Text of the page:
Neighbors, teachers describe Parkland gunman as "loner" who showed off guns on YouTube

"I'm going to be a professional school shooter," the teenage suspect, Nikolas Cruz, allegedly said on YouTube

Published February 15, 2018 1:49PM (EST)

People are brought out of the Marjory Stoneman Douglas High School after a shooting at the school on February 14, 2018 in Parkland, Florida. (Getty/Joe Raedle)
People are brought out of the Marjory Stoneman Douglas High School after a shooting at the school on February 14, 2018 in Parkland, Florida. (Getty/Joe Raedle)

President Trump did not mention guns in a Thursday morning address to the nation about Wednesday's mass shooting in Florida, which left 17 dead and 14 others wounded, five with life-threatening injuries. Trump blamed mental illness for the worst high school shooting in U.S. history and said his administration is "committed to working with state and local leaders to help secure our schools and tackle the difficult issue of mental health."

Earlier today, officials announced the teen gunman accused of opening fire with a semi-automatic rifle at his former high school in Parkland, Florida has been charged with 17 counts of premeditated murder.

Authorities said the suspect, identified as 19-year-old Nikolas Cruz, was believed to have been armed with multiple magazines and an AR-15 style semi-automatic rifle. Cruz may appear in court Thursday.

Officials said Cruz "concealed himself in the crowd" with hundreds of students fleeing Marjory Stoneman Douglas High School following the Wednesday afternoon massacre. Cruz was arrested in nearby Coral Springs.

Broward County Sheriff Scott Israel, in a press conference Thursday, said it is unclear if Cruz had any other other weapons. All of the victims' families have been notified, Israel said.

The gunman had recently been expelled from Douglas for disciplinary reasons and enrolled elsewhere in the district, Broward County school superintendent, Robert Runchie, told reporters. The gunman took an Uber to the Douglas campus before opening fire, Runchie said.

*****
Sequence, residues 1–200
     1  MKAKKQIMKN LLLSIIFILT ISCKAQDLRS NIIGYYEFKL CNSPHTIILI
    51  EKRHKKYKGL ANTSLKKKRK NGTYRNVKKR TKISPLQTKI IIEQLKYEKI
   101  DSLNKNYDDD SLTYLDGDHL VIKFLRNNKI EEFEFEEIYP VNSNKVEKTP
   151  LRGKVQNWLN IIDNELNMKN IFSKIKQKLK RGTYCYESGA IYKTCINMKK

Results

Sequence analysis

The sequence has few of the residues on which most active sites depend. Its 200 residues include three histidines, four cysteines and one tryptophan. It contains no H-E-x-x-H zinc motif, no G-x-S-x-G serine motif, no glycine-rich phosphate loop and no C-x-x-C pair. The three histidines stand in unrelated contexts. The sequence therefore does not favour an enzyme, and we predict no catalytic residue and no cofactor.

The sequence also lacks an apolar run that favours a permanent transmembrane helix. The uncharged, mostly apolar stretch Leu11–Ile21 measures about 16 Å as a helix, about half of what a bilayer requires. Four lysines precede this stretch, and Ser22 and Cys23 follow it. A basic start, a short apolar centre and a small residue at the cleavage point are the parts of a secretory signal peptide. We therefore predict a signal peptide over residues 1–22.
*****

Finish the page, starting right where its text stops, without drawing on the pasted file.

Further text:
Sheriff Israel said investigators were reviewing social media postings that he described as "very disturbing." In September, a YouTube user named "Nikolas Cruz" left a comment on a video stating, "I'm going to be a professional school shooter," BuzzFeed reported. The video's creator alerted both the FBI and YouTube.

Classmates, relatives and neighbors have described Cruz as mentally disturbed and a troubled "loner" who often talked about guns and showed off his weapons on his social media accounts. Jim Gard, a math teacher at the school, told the Miami Herald that the young man had previously been identified as a potential threat to other students.

Melissa Falkowski, an English and journalism teacher at Douglas, said in an interview with MSNBC that in the past, when school officials have been made aware of threats on social media, "they take precautions, and they investigate and take the precautions at school to make sure nothing happens." She said she didn’t know Cruz.

Florida Gov. Rick Scott (R) said Thursday he will speak to state leaders about making sure "individuals with mental illness do not touch a gun." When asked about Florida's gun laws later in the press conference, Scott said he is focusing on mental health, education spending and making sure people with mental illness don't have access to guns.

This morning, President Trump said on Twitter that there were "many signs that the Florida shooter was mentally disturbed" and that his classmates and neighbors should have reported him to authorities.

Trump's words about the massacre came in a thread, a Twitter feature that allows users to string together related messages, designed to make a statement that can't be expressed in a single tweet. The president's first tweet in the series, about Deferred Action for Childhood Arrivals (DACA), does not seem to be related to his later thoughts, though.

In that morning tweetstorm, Trump initially blasted Democrats for the deadlock on reaching an agreement on DACA. He wrote, "Negotiations on DACA have begun. Republicans want to make a deal and Democrats say they want to make a deal. Wouldn’t it be great if we could finally, after so many years, solve the DACA puzzle. This will be our last chance, there will never be another opportunity! March 5th."

By Shira Tarlo

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